The world's wild tigers are on a "catastrophic" path to extinction as numbers continue to decline because of increased poaching, habitat destruction and poor conservation efforts by governments, a new report has said.
In less than a century, Asia's largest predator has been relegated to isolated populations residing in only 7 per cent of the areas they once occupied, according to a research paper published in the June edition of BioScience journal.
The report, titled "The Fate of Wild Tigers", said the loss of their habitat and the persistent killing of the wild cats had left areas such as the Caspian region and the Indonesian islands of Bali and Java devoid of tigers.
Countries such as India a stronghold of the tigers were inadequately implementing conservation policies and mismanaging funds set aside for the survival of the big cats, it added.
"While the tiger as a wild species will most likely not go extinct within the next half-century, its current trajectory is catastrophic," said the report, authored by 16 wildlife experts.
"If this trend continues, the current range will shrink even further, and wild populations will disappear from many more places, or dwindle to the point of ecological extinction."
Despite widespread trade bans, poaching remains a serious problem where products made from tigers, such as skins and bones used in traditional Chinese medicines, are coveted by consumers in China, Japan, South Korea, Vietnam and the United States.
But while laws exist to protect tigers from poachers, lack of resources for enforcement and a dearth of anti-poaching information networks have hampered efforts.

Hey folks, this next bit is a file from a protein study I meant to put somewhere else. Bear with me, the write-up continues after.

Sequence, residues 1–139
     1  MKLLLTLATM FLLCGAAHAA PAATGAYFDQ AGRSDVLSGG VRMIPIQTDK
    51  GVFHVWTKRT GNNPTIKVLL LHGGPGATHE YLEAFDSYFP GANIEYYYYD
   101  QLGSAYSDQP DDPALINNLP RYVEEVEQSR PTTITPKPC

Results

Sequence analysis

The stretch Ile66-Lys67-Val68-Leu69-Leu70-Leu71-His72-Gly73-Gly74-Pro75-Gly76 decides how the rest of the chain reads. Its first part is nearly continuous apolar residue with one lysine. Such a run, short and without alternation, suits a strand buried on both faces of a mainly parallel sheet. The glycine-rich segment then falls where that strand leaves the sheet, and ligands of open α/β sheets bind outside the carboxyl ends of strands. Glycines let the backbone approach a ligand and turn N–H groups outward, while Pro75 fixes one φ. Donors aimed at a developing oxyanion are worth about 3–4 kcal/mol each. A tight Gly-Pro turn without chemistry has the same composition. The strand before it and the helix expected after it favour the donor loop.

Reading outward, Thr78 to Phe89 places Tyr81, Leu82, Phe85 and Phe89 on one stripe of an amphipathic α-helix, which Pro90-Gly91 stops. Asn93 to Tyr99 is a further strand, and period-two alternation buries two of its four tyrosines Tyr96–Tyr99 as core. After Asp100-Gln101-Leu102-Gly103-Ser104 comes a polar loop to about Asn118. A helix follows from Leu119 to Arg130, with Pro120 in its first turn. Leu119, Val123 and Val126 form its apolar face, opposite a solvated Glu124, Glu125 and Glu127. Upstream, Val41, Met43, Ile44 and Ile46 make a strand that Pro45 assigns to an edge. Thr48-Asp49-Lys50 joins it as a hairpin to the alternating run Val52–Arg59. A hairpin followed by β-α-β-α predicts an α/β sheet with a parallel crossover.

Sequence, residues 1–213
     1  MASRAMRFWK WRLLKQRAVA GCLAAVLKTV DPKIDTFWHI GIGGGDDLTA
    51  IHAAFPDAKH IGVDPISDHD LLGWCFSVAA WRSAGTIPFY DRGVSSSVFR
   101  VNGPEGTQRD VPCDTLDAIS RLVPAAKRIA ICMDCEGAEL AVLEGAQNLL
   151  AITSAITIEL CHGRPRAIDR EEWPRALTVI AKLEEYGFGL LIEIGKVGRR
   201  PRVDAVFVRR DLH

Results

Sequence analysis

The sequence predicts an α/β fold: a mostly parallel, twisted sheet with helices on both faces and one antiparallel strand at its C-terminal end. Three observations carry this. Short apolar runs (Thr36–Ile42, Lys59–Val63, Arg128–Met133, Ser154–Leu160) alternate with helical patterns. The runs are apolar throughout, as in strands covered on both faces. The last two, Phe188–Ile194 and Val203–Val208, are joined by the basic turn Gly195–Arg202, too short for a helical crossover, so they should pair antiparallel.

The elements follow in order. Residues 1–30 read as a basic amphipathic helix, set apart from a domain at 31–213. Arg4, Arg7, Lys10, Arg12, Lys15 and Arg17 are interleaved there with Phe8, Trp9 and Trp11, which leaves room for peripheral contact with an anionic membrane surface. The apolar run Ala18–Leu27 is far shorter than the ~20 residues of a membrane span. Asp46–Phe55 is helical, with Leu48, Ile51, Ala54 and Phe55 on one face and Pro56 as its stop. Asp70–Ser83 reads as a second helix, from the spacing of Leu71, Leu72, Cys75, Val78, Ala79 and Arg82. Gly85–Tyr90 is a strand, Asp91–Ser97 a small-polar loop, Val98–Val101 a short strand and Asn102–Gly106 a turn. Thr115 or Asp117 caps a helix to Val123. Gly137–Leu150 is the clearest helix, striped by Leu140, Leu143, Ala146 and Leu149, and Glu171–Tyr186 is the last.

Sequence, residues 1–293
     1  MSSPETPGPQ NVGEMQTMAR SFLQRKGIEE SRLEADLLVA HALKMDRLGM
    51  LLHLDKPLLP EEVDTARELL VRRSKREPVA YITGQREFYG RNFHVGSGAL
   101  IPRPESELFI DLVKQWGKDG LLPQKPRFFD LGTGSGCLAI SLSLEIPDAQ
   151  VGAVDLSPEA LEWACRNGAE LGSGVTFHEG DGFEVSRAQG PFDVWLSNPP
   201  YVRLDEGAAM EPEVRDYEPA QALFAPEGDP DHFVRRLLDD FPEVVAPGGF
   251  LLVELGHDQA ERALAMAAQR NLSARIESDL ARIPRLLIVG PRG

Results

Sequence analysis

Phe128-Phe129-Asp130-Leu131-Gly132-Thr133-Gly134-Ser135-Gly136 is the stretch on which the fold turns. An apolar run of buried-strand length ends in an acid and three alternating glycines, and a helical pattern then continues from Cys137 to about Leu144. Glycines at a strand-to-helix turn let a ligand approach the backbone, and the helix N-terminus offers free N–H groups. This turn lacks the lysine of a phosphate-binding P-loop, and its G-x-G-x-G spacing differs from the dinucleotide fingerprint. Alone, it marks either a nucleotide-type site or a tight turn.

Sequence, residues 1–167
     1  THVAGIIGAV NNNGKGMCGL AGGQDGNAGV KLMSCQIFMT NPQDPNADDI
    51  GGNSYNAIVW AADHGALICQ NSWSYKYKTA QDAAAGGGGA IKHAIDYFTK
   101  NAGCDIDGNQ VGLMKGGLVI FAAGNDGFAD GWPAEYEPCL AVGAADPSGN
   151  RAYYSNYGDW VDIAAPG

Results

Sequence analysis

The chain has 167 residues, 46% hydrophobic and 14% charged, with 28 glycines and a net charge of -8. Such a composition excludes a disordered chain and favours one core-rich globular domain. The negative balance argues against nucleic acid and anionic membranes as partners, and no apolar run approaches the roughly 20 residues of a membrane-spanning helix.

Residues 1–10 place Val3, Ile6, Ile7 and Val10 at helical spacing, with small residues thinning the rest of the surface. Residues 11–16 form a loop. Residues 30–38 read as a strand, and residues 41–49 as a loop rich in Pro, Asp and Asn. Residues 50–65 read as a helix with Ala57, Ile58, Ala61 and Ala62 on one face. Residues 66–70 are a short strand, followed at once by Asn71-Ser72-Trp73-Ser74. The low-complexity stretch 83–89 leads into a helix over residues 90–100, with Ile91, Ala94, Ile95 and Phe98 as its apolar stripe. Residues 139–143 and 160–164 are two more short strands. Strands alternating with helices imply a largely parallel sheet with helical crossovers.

Plans by China to lift its 1993 ban on the domestic trade of tiger parts is sure to re-ignite interest among more than a billion consumers in emerging economies and this could be the greatest threat to the animals, said the paper.
"Ultimately, China, the state that has the fewest tigers, may pose the greatest threat to the tiger's ultimate survival in the wild."
Many of the tiger habitats are also too small, isolated or degraded to hold populations of the predator over the long-term, with increasing human encroachment and development of forests.
For example, in Sumatra, vast oil palm and acacia plantations are replacing some of the richest lowland rainforests on earth.
The report, whose lead author is WWF-International's Chief Scientist Eric Dinerstein, said it was important to link the small, isolated tiger areas by protected corridors, to allow for more space, movement and breeding of the animals.
The authors said Asian nations, led either by ASEAN or SAARC, a grouping of South Asian nations, should also hold a "tiger summit" aimed at securing a global pledge to protect the wild heritage of Asia.